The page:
IN YOUR Oct. 13 editorial “Pensions and health on the table’’ you support the idea that military pensions and health care costs should be brought closer in line with the rest of the public sector’s employees.
Military pay, pension, and health care costs have been established based on what is needed to attract and retain the people the military needs. In the mid-1980s, changes were made in military retirement benefits to save money, and a decade and a half later, they were reversed as the services could no longer attract and keep the people they needed.
Any discussion of compensation and benefits for members of the military in line with other public employees must also compare conditions of service. Compulsory war zone service is the ultimate of many differences. Some others are that service members are subject to uprooting their families to move every few years, extended separations from family, no overtime, and living under military regulations round the clock.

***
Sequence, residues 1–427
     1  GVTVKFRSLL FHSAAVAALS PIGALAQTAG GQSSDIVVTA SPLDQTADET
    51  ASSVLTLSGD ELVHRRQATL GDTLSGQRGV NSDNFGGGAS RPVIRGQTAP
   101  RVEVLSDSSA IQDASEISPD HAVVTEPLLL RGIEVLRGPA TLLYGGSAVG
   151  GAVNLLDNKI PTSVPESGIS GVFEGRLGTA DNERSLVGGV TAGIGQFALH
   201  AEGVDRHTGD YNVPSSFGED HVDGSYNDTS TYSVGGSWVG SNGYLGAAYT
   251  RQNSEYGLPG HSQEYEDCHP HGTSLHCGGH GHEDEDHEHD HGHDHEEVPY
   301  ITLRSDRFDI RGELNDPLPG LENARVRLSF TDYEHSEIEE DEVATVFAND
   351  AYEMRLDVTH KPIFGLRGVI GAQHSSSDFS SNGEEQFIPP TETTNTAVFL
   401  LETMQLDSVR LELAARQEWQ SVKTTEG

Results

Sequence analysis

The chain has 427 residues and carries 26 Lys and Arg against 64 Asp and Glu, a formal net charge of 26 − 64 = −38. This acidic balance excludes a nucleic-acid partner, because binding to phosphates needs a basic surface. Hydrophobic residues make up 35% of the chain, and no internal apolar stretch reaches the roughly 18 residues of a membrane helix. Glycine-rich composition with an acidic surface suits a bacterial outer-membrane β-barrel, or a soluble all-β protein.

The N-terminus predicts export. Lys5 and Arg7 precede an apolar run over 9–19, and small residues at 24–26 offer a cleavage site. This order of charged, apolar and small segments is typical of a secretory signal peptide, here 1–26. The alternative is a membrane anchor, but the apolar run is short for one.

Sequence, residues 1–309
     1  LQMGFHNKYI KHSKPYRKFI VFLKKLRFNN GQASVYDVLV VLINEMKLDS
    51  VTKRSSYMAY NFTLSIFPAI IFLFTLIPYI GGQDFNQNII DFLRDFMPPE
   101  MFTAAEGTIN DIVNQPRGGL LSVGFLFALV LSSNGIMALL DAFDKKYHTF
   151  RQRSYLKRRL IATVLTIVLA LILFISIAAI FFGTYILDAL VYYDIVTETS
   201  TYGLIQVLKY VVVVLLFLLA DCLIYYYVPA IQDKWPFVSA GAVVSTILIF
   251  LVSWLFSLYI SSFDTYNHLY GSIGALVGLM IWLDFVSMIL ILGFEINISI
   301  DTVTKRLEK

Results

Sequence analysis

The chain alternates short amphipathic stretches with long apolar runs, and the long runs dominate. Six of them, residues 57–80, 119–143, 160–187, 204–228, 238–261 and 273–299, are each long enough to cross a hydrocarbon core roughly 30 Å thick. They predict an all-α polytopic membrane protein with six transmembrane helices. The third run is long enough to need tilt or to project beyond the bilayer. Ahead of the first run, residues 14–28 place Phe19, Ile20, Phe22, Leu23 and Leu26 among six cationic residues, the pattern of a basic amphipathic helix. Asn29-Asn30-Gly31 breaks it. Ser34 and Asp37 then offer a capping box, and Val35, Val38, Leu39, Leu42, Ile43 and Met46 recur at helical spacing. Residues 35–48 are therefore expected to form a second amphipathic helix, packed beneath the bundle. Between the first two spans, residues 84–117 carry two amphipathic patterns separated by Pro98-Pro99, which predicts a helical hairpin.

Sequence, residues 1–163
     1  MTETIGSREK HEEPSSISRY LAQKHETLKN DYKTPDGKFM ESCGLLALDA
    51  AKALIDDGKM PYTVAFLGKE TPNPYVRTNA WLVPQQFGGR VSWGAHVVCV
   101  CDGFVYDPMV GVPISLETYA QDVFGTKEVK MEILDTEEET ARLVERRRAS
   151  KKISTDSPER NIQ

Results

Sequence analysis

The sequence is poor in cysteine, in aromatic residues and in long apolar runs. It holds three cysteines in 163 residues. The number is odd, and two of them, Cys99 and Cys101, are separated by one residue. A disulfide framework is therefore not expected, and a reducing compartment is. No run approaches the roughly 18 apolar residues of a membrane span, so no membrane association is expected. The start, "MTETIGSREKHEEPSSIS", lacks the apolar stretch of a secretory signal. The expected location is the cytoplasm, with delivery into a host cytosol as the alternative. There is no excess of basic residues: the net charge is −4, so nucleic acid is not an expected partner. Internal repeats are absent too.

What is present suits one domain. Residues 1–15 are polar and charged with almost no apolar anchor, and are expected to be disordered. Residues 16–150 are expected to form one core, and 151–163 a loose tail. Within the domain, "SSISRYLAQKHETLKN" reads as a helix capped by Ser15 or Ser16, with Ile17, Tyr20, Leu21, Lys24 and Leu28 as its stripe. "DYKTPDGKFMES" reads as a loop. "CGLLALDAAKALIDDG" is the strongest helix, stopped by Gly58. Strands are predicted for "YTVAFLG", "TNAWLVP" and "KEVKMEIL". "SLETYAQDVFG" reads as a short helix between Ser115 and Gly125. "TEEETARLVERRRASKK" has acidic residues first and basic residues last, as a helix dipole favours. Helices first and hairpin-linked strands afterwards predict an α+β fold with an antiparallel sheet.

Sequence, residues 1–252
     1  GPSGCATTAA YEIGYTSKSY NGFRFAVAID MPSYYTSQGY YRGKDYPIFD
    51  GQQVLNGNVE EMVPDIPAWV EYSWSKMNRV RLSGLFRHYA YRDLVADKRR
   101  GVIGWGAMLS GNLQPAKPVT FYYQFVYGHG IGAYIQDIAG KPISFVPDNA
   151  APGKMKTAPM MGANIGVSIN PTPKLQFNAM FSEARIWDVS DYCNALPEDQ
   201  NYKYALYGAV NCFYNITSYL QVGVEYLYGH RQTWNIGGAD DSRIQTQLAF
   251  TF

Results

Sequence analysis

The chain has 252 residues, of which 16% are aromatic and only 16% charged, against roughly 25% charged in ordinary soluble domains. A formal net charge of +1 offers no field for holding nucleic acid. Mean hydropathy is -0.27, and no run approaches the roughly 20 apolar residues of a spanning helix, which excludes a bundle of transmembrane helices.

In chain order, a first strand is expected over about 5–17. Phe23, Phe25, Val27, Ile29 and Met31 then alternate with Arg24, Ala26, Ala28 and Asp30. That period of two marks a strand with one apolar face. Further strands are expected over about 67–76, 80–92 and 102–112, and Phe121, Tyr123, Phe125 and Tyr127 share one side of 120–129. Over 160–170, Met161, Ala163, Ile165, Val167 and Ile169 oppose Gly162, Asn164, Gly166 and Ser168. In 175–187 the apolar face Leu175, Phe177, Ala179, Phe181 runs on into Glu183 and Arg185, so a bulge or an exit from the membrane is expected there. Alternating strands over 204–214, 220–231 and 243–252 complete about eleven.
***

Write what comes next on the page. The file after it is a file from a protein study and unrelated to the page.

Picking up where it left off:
If we need a military that costs us as much as the rest of the world combined, and we do it with voluntary service, compensation must be adequate to attract volunteers to serve. There should be no consideration of cuts so that the people can continue to enjoy extremely low tax rates.
The writer is a retired Coast Guard captain.